| November 26, 2018

Call9, Lyft In Novel Transportation Partnership

Nqaba Matshazi

Nqaba has been working as an investigative journalist for the last 10 years. He has written for various media outlets... Nqaba has been working as an investigative journalist for the last 10 years. He has written for various media outlets across the world.

Call9, a telehealth startup that specializes in care performed in nursing homes, and Lyft have announced a partnership to provide transport services for family members of patients in the former’s facilities.

In a blog post, Call9 announced that its physicians and on-site first responders will be able to schedule Lyft rides for family members in care facilities where the startup operates. The family members do not necessarily need to have the Lyft app, since the emergency staff will be able to use Lyft’s Concierge platform, which is integrated into the Call9 service.

Partnership is meant to bring convenience to patients’ family members

Call9 believes that such a service will “strengthen communication with family members when patients are experiencing an acute change in condition and offer reliable access to patients in an emergency situation – providing families with peace of mind that they will be there when their loved one is in need.”

Timothy Peck, a co-founder and the Chief Executive Officer of the New York based Call9, hopes the new service will bring convenience to both patients and their families. He juxtaposed Call9’s service, which he said brings “emergency medical providers to the patient’s bedside within minutes,” with what Lyft was bringing to the table, ensuring that patients’ “family members arrive in a reliable, efficient and comfortable manner.”

Peck said the partnership with Lyft provided a unique concierge service to family members when the patients needed them the most.

“We founded Call9 to be with patients at the moment of their emergency. Being able to offer them and their families one less thing to worry about so they can focus on important healthcare decisions is something we’re really proud of,” Peck said.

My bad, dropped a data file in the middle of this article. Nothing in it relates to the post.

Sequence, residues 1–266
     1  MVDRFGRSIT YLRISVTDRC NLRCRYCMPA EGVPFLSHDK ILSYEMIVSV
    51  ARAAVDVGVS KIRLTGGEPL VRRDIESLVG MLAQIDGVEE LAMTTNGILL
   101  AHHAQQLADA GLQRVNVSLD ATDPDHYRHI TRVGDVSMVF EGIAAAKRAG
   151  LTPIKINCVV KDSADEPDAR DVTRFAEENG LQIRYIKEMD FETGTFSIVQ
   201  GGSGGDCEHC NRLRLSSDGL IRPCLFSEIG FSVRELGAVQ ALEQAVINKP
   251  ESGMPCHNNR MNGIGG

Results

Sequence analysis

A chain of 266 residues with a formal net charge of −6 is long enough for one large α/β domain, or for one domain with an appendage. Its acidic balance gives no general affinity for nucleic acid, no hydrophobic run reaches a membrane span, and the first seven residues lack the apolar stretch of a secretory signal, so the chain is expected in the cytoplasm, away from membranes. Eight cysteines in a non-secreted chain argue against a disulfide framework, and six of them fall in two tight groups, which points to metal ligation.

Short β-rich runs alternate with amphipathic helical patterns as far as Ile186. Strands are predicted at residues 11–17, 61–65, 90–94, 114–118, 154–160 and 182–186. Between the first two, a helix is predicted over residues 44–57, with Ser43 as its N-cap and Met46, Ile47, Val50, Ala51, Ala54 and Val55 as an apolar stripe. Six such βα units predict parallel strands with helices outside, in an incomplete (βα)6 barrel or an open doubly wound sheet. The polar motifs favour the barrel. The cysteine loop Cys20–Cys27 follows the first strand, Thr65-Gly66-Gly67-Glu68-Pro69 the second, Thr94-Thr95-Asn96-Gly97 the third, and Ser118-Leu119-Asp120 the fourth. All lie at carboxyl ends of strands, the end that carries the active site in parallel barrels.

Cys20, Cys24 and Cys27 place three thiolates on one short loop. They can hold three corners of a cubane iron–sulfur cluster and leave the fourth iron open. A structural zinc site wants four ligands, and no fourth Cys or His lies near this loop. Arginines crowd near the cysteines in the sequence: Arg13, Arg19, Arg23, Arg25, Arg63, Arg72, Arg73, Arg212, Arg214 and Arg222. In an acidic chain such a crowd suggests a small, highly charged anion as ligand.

Call9’s system works by having on-site responders, known as clinical care specialists (CCSs), at nursing homes where it has a presence. If there is a change in a patient’s condition, the on-site responder contacts a physician, who, using telehealth innovations, can remotely diagnose the patient.

“Through Call9’s proprietary technology platform, physicians can direct the CCSs to administer EKG, telemetry, ultrasound and bedside labs with on-site results in under two minutes. The physician can see all the real time vitals streaming on their computer. The platform also includes a custom designed EMR (electronic medical record) and patient treatment dashboard,” Call9 explains on its website.

The company’s mission is to ensure that patients in nursing homes can get emergency assistance without having to leave their rooms.

The startup says it is now covering more than 3,700 beds in New York state. It said it had recorded nearly “100,000 first responder visits and over 21,000 telemedicine visits, reducing unnecessary emergency department visits, hospitalizations and subsequent readmissions in nearly 80% of patient encounters.”

Lyft deepens healthcare footprint

On their part, Lyft Business Vice President Gyre Renwick said they were focused on improving people’s lives, and the partnership with Call9 was meant to make it “easier for physicians to schedule rides for patients’ families through Lyft Concierge, helping to deliver better care to elderly patients by easing the burden on their loved ones.”

With this partnership, Lyft is deepening its footprint in the healthcare sector with cost-effective and reliable transport solutions for non-emergency medical transportation.

The company estimates that 3.6 million Americans face transportation issues that hinder them from getting to or from a doctor’s appointments. Lyft further estimates that one in four of lower-income patients have missed or rescheduled their appointments due to lack of transportation.

There is a cost to missed appointments. Lyft says the number of missed and unused appointments alone are a $150 billion burden on the U.S. healthcare system and projects that the number is likely to rise as America’s aging population grows.

Lyft’s goal is to “cut these numbers in half by 2020, and soon after, to ensure that transportation is no longer a barrier to care for anyone.”

The ride-hailing service company already has a partnership with CareMore Health, a division of Anthem. It has another partnership with Hackensack Meridian HealthIn March this year, Lyft announced that it was working with American Medical Response (AMR) and its business unit Access2Care (A2C) to offer alternative transportation options for routine medical care to thousands of Medicare and Medicaid beneficiaries.

Lyft has also partnered with information technology company Allscripts to expand the number of rides it offers through doctor’s offices and other health care providers.

Interested in learning more about the best startups in pharma and healthtech? Check our guide to 31 best startups in 2018.

 


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